17 Sep Cultivating Empathy for Colleagues and Collaborators
As user-focused creators, we focus a lot on building empathy for our customers, but what about the other humans—team members, other departments, vendors, external organizations—involved in the design process? Cultivating better relationships with, and a deeper understanding of, your colleagues and collaborators will improve your team’s trust, flow and creativity. There’s rarely a one-recommendation-fits-all approach to anything human-centered, but here are some practices and rituals you can try out to better empathize with the people you work alongside. I’ve tried all of these in some form with my core team at The Design Gym, with our collaborators, clients, and even with my partner!
Morning Mindset Check-in
Even when we try to keep a strict work/life separation, our lives outside of work will inevitably impact how we show up, do our work, and interact with teammates. We’ve probably all experienced this in various forms. A weekend at the beach has you feeling energized and positive coming into the week. A night of poor sleep has you feeling groggy and irritable. An evening with old friends has you feeling inspired and excited to share.
Many teams, mine included, kick off each week by sharing status updates and our top priorities and to-dos. These are helpful practices for accountability and transparency, but they don’t include how we’re feeling and our current mindset. By including the prompt, “what’s your headspace like today?” you gain a better understanding of each person’s mindset and how that may impact your work together. Maybe someone has extra energy to share; maybe another needs a bit of quiet time—whatever it is, uncovering the morning mindset of your teammates can inform your approach to the day’s tasks in a more empathetic way.
If you want to try this out, but aren’t sure your team will feel comfortable sharing these details, try facilitating the conversation by asking each person to choose a color, type of weather pattern (sunny, stormy, fog is lifting), or spirit animal that fits their mood today. Set the ground rule that follow-up details are optional, and opting out is also OK. Sharing mindsets shouldn’t feel like an added stressor.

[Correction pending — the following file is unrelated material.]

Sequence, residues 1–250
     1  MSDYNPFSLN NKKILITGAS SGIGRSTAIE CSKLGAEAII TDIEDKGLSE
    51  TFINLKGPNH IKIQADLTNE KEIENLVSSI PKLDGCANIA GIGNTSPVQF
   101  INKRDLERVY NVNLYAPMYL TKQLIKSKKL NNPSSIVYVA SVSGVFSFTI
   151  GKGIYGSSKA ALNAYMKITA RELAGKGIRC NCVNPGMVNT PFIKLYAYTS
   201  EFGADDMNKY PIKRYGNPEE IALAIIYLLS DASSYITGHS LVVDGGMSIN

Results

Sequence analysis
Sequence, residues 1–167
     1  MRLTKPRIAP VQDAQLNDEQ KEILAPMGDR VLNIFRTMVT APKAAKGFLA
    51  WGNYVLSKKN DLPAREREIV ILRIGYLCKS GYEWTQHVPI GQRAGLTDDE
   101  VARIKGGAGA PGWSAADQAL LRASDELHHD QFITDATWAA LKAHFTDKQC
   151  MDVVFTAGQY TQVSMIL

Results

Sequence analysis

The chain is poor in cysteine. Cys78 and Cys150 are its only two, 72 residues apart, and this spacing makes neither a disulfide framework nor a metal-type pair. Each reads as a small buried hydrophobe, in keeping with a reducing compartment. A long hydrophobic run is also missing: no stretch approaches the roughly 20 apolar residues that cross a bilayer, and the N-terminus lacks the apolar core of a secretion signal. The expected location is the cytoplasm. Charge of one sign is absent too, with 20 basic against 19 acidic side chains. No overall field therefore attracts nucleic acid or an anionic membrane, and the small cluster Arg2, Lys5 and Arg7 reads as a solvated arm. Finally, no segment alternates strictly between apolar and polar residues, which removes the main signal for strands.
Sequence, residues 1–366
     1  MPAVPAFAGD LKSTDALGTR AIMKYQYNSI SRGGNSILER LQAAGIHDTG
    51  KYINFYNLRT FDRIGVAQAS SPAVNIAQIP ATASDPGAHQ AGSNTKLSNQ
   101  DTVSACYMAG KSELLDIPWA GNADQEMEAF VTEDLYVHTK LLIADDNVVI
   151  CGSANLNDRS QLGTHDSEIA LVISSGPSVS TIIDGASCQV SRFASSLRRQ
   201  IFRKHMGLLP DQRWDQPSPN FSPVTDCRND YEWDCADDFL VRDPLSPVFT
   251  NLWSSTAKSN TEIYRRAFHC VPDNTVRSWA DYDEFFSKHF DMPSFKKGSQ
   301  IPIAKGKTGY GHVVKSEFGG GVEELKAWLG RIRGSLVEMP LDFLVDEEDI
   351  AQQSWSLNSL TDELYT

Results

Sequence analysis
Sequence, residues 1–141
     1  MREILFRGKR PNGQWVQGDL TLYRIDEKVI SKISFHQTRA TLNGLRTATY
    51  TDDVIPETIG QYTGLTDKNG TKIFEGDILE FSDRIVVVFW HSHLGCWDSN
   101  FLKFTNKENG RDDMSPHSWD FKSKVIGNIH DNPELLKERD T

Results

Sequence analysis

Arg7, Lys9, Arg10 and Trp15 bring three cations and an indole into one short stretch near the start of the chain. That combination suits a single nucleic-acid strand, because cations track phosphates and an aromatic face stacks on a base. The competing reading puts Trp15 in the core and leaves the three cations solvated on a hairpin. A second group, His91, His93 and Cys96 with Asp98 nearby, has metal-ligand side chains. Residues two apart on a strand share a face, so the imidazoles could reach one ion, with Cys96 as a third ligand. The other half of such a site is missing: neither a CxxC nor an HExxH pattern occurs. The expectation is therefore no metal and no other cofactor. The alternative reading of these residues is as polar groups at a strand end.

What time is happy hour?
Humans are social by nature, and hanging out with your teammates is a great way to connect and create shared experiences together that build trust and empathy. Grabbing drinks can be an easy—and sometimes welcomed—option, but shouldn’t be the only way for teammates to socialize. To encourage relationships between team members, consider rethinking the idea of happy hour by encouraging flexibility for social time and format that to best match each person’s preferences (or mix it up so everyone has options).
For example, I have one colleague that I attend fitness classes with a couple times a month and we’ll schedule those during lunch or in the late afternoon. Another teammate and I play tennis together 2-3 mornings per month. And as a full team, we’ve found success with long team lunches and half-day field trips as a way to bond without adding time to our days with evening events. For teams that work remotely, you might consider video chat coffee dates, book clubs, meeting at a conference or hosting a summit.
And all of this on company time? Yep. The value gained by cultivating trusted relationships with teammates leads to more comfort in sharing ideas, giving feedback, and navigating change, which far outweighs the time spent on building the human connections through social activities.
Work Style Profile
We all bring a different perspective to solving problems in collaborative settings. We also all bring our own preferences for doing the work required to solve those problems, our desired way of communicating, sharing ideas, what hours in the day we’re most productive, and how we want to receive feedback. Your goal shouldn’t be to align everyone to a single way of working, but rather to maximize the overlaps and respectfully honor the differences.
When kicking off a project, even with team members you’ve worked with before, have honest and open discussions about each person’s working style. Block out an hour for each person to create their own working style profile. This could be as simple as a quick list, or you could incorporate sketching or encourage specific examples to be shared. The categories will be up to you based on your team’s culture (we often choose communication style, feedback style, and best working hours). Allow for reflection time and then have each person share out their profiles. Use the personal information to help guide your project planning, meeting cadence and how debriefs are conducted. Humans are always evolving, so iterate and refine every time a new project starts!
My team has experimented with all of these activities over the years and we’re always iterating on what works best given our changing needs and growing roster of collaborators. I’d love to know if you try any of these out or what other team-based empathy practices you’ve found successful. If you’d like to share, feel free to shoot me an email at firstname.lastname@example.org.